Fiscal policy has started to tighten, with the main pandemic support measures phased out at the end of 2021. Other measures, such as the temporary reduced VAT rates on hospitality and recreational services, ended on 31 March 2022. To return to a sustainable fiscal path, the government has committed to a gradual medium-term fiscal consolidation plan, with planned increases in tax revenues and increased investment. From April 2022, national-insurance contributions increased by 1.25 percentage points to fund health and social care spending while tax-free allowances and higher rate thresholds for income tax are frozen until 2025-26, a policy that now has a bigger positive impact on revenues than anticipated when introduced in early 2021 due to high inflation. From April 2023, the corporate income tax rate will increase from 19% to 25%. Due to rising energy prices, the UK government introduced a support package worth GBP 9.1 billion (0.4% of 2022-23 GDP) for 2022-23 before Russia’s invasion of Ukraine, to help households with rising cost of living. Measures include a non-repayable council tax rebate, a repayable energy discount and discretionary funding for Local Authorities to support households who need support but are not eligible for the Council Tax Rebate. Following Russia’s invasion into Ukraine, additional measures were taken, such as a 12-month cut in fuel duty. To reduce the burden on lower income households in face of increasing cost of living, the national insurance threshold is being raised in July from GBP 9 880 to GBP 12 570. An additional support package of GBP 15 billion (0.7% of GDP) was announced at the end of May, including a one-off GBP 600 payment to households on means-tested benefits, and one-off payments of GBP 300 to pensioner households and GBP 150 to individuals receiving disability benefits. Moreover, the energy discount was doubled to GBP 400 and turned into a grant. To help pay for the extra support, the government announced a new and temporary 25% energy profit levy for oil and gas companies, while also introducing an investment allowance of 80% to incentivise the oil and gas sector to invest in UK extraction. Overall, the fiscal stance will be contractionary and the underlying primary balance is set to improve by 1.8 percentage points of potential GDP between 2022 and 2023.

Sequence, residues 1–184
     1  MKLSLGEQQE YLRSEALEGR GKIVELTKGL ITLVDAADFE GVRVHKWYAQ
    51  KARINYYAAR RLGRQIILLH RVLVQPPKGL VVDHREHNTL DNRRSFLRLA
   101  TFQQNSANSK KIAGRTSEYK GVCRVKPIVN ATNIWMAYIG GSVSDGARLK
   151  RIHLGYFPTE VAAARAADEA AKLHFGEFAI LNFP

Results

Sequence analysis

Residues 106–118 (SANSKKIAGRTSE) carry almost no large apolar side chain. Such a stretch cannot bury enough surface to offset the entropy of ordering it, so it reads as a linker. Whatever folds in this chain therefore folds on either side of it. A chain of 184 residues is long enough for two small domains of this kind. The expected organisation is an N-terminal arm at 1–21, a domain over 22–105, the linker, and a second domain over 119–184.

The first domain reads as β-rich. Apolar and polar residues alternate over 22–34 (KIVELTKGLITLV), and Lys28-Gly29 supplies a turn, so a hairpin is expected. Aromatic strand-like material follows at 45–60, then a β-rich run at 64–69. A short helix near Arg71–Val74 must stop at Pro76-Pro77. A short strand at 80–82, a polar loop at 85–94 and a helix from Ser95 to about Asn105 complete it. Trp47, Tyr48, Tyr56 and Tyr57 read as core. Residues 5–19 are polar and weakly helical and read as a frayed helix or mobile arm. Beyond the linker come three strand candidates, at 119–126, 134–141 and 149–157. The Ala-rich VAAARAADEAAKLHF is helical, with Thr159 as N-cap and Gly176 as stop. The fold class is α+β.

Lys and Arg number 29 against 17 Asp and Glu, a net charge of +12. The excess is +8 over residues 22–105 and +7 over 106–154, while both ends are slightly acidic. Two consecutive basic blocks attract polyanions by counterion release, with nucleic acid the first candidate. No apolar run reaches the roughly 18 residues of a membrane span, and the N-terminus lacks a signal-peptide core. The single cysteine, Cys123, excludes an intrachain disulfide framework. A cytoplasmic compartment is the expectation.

Output is projected to grow by 3.6% in 2022 before stagnating in 2023 due to depressed demand. Private consumption will slow as rising prices erode households’ incomes. Household savings will decline to below pre-pandemic levels, with some households taking on more debt to keep up with the rising cost of living. Inflation will continue to rise, peaking at just over 10% in the fourth quarter of 2022, driven by increasing global prices of tradable goods and services due to supply bottlenecks, transportation costs and energy prices. Inflation will moderate gradually through 2023 due to base effects, but will remain elevated due to the impact of the EU oil embargo on global energy prices. Continued tightness of the labour market is expected to feed through to higher wage growth over the projection period, but with wage growth remaining below inflation. Tighter monetary policy and easing supply constraints over 2023 are expected to help inflation to decline to 4.7% by the end of 2023. Unemployment is set to remain low, but will increase gradually to 4.5% by the end of 2023 due to weaker demand. Business investment will be damped by rising interest rates and lingering uncertainties. Public investment will be weakened by supply shortages in 2022, hindering planned investment, but is expected to pick up in 2023 with planned spending increases on infrastructure and climate. The general government deficit is projected to decline gradually to 5.3% of GDP in 2022 and 4.1% of GDP in 2023.

Risks to the outlook are considerable. Spill-overs from economic sanctions and higher than expected energy prices as the Ukraine war drags on, and a deterioration in the public health situation due to new COVID strains are significant downside risks. Higher than expected goods and energy prices could weigh on consumption and further lower growth. A prolonged period of acute supply and labour shortages could force firms into a more permanent reduction in their operating capacity or push up wage inflation further. A progress in trade deals could support trade and improve the outlook.

The government should consider slowing fiscal consolidation to support growth. The ambitious government “Plan for Growth” to support structural transformation towards greener and more inclusive growth through large scale public investment in infrastructure, skills and innovation should continue as planned, and be well targeted, with a special focus on improving productivity in lagging regions. Accelerating progress towards net zero is fundamental to enhance energy security and reduce dependence on fossil fuels. Policies in place are not yet sufficient to deliver the Net Zero target. The government can stimulate the necessary investment by being clearer about its approach to the transition to a net zero economy and developing an economy-wide plan with concrete deadlines, policies and priorities in line with a target-consistent emission pricing trajectory.


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Note by the Republic of Türkiye
The information in this document with reference to “Cyprus” relates to the southern part of the Island. There is no single authority representing both Turkish and Greek Cypriot people on the Island. Türkiye recognises the Turkish Republic of Northern Cyprus (TRNC). Until a lasting and equitable solution is found within the context of the United Nations, Türkiye shall preserve its position concerning the “Cyprus issue”.